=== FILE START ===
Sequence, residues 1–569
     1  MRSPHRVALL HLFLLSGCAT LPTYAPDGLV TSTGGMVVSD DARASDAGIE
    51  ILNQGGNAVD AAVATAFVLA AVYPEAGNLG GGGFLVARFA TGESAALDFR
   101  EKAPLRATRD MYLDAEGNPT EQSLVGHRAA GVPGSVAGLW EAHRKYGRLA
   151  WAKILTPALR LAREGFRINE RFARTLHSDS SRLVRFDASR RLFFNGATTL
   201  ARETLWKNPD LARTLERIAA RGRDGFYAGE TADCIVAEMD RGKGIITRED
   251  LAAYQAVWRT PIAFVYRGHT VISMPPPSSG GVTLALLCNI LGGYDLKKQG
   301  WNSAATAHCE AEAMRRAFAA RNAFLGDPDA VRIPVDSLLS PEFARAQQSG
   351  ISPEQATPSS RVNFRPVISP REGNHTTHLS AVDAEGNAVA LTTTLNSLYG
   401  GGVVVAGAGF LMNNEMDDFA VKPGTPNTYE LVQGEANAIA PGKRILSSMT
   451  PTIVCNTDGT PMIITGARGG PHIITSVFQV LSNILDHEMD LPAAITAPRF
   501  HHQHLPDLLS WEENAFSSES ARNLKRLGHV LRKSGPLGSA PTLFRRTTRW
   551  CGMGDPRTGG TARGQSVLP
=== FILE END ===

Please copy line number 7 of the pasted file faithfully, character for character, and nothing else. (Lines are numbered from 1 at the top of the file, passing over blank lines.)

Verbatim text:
   251  LAAYQAVWRT PIAFVYRGHT VISMPPPSSG GVTLALLCNI LGGYDLKKQG